In 2000, when Karma Rigzin decided to join the police force after graduation, her parents were upset. Her grandmother wept. It is a tough job meant for men, they tried to convince her. She could not be knuckled under.
She became a police officer.
Karma Rigzin is today among the three senior women lieutenant colonels in the country. Recently, the US State Department recognised Karma Rigzin for her relentless effort in combating trafficking in Bhutan. Her parents and the 10-year-old daughter could not be more proud.
After graduating with Political Science from Delhi University, she thought of becoming a lawyer. But that was just a whim. When the opportunity to join the police force came, she had to lay hold of it.
About the recognition, Karma Rigzin said: “I didn’t expect this recognition, as it was my line of duty. I think the passion and hard work that I put in this cause mattered. I am humbled and encouraged. ”
Since starting the women and child protection unit in Royal Bhutan Police under her supervision in 2006, Karma Rigzin said that there have been many encouraging developments in combating human trafficking in the country. “When I prosecuted my first human trafficking case, not many were aware of trafficking in person (TIP).”
Cases involved mostly women and children who were uneducated and vulnerable. Once, she prosecuted the case that involved a 16-year-old girl from Darjeeling who was trafficked and locked inside a house by a Bhutanese man.
The lack of awareness was a serious challenge, Karma Rigzin said.
In the beginning, Karma Rigzin found communicating with the management difficult, but the times were changing. “When you are a woman officer, it is hard to get your messages across but you have to prove yourself. Workload is heavy.”
After completing her service with UN peacekeeping in Sudan in 2017, Karma Rigzin was actively involved in TIP. She looked into old cases related to TIP and started documenting them. She also mentored young officers and desuups and drafted an SOP on TIP. She has developed innovative practices for compiling human trafficking-related data and was responsible for establishing a human trafficking awareness programme for Bhutanese travelling overseas for employment.
The unit, which has 14 trafficking cases in hand, has sensitised 1,288 Bhutanese so far.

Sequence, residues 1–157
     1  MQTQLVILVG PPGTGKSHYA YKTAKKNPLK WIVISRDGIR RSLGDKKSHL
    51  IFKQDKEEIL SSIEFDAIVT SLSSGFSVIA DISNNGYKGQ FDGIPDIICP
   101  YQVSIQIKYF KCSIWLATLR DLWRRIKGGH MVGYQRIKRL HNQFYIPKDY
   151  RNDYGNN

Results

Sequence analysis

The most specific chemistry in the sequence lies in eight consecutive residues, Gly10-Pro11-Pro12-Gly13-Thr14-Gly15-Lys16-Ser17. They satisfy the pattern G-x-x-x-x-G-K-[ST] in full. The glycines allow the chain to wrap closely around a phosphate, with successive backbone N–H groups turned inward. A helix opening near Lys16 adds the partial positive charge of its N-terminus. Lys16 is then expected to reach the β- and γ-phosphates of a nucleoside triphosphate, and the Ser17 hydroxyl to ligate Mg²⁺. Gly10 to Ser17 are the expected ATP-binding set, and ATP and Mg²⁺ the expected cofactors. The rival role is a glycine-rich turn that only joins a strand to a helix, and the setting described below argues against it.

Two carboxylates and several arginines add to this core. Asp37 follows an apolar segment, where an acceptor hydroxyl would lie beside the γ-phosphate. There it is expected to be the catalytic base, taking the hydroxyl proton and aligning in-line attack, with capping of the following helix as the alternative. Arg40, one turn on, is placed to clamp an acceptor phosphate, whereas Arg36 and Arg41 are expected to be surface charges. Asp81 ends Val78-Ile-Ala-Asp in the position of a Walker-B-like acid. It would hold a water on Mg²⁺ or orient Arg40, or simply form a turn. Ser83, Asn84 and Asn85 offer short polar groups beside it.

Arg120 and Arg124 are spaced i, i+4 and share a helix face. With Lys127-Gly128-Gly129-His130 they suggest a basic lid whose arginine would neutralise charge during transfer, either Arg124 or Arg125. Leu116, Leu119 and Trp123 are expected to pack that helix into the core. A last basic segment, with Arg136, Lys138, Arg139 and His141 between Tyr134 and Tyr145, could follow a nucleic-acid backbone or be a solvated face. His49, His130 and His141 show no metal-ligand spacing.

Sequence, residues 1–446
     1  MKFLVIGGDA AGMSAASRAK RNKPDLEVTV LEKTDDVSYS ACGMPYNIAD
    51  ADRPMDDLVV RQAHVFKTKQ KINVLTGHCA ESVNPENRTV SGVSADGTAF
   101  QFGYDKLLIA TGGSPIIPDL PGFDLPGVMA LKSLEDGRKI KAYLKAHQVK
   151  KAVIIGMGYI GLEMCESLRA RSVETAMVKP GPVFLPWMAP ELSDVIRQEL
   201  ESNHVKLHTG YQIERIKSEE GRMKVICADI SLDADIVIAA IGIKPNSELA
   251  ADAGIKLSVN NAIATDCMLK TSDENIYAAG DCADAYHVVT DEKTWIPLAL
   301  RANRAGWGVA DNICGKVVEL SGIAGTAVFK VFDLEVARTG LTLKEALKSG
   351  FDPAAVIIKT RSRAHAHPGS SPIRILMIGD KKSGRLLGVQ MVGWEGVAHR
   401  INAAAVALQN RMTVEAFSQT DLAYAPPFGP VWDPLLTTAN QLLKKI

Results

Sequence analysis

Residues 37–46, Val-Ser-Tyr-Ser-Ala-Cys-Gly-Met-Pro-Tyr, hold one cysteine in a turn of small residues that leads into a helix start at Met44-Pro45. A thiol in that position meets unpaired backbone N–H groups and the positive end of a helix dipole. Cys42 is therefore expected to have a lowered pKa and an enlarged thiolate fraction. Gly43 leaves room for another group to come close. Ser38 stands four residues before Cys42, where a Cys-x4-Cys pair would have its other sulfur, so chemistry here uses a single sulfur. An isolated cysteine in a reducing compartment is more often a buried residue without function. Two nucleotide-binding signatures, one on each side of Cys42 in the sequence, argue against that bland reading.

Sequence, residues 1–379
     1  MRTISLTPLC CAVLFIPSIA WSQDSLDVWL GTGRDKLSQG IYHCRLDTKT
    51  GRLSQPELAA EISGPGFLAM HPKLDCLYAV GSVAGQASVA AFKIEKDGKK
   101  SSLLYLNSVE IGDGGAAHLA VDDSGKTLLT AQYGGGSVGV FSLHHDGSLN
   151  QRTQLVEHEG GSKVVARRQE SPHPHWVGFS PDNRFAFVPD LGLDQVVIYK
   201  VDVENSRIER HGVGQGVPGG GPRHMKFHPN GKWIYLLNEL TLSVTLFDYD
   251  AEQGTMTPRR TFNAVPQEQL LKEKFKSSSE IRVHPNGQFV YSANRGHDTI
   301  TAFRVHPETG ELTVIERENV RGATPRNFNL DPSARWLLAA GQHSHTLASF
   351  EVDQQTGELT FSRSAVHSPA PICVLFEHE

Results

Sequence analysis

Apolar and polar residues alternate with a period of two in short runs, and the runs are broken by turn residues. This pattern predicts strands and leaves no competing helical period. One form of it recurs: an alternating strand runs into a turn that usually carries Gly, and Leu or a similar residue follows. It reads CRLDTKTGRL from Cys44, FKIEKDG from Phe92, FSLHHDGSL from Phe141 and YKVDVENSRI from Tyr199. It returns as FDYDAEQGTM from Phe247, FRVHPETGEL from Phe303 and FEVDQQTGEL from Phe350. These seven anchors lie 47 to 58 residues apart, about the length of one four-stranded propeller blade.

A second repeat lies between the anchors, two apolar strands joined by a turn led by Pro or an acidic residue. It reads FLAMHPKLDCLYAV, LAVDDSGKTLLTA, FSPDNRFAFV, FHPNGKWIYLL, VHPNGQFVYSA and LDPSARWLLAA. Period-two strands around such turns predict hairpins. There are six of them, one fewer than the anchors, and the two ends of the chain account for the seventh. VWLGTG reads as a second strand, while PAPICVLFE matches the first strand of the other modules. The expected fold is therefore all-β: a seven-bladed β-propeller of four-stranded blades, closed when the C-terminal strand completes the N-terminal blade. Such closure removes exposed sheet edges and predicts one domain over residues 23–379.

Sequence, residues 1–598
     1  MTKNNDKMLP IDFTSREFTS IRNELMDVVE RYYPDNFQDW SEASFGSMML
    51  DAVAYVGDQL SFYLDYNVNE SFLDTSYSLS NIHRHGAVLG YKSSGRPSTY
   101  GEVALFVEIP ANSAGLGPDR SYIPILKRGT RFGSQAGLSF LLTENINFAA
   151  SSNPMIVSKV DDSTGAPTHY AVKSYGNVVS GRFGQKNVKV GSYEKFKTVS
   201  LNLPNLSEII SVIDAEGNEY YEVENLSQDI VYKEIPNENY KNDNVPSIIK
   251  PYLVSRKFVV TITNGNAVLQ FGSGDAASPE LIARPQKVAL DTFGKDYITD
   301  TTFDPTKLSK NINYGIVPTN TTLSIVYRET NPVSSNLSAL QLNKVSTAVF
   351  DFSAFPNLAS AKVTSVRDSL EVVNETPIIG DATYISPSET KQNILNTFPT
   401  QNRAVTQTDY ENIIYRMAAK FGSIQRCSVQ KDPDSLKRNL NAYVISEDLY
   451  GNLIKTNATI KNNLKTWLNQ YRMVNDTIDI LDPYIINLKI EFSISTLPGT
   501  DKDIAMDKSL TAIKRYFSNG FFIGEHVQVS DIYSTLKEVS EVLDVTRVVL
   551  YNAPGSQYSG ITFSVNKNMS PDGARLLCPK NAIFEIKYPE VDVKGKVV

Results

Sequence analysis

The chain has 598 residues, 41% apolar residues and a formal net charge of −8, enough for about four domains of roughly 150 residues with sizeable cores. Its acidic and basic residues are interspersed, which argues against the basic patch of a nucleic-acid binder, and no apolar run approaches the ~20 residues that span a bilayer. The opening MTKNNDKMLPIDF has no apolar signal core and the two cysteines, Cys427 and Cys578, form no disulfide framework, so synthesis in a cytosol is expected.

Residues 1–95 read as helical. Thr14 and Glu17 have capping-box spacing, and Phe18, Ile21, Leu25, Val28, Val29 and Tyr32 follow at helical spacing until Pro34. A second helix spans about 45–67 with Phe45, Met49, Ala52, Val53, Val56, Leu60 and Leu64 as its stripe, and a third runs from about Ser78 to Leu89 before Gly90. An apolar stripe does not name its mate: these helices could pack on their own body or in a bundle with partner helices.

TIP report on Bhutan
The 20th edition of the report, published last month, stated that due to Bhutanese law’s inconsistencies with international law, courts continued to dismiss trafficking charges in cases that met the international definition of trafficking. Officials did not identify any trafficking victims during the reporting period. The government did not provide protective services to Bhutanese labour trafficking victims identified abroad, and the government continued to rely on civil society leadership for some anti-trafficking efforts.
However, Bhutan is upgraded to Tier 2 Watch List, meaning the government does not fully meet the minimum standards for the elimination of trafficking but is making significant efforts to do so.
These achievements included convicting one individual under the human trafficking statute, appealing the dismissal of trafficking charges in a second trafficking case, finalising and disseminating standard operating procedures (SOPs) for victim identification and referral, and initiating an investigation into reports of labour exploitation, including forced labour, among Bhutanese workers abroad.
The report recommended amending the Penal Code’s Sections 154 and 227, and Section 224 of the Child Care and Protection Act to bring the definition of human trafficking in line with the 2000 UN TIP Protocol, vigorously investigate, prosecute, and convict traffickers with significant terms of imprisonment and increase proactive trafficking victim identification, including by training officials on, and implementing, the SOPs.
Each year, the Department of State honours individuals around the world who have devoted their lives to the fight against human trafficking. These individuals include NGO workers, lawmakers, government officials, survivors of human trafficking, and concerned citizens.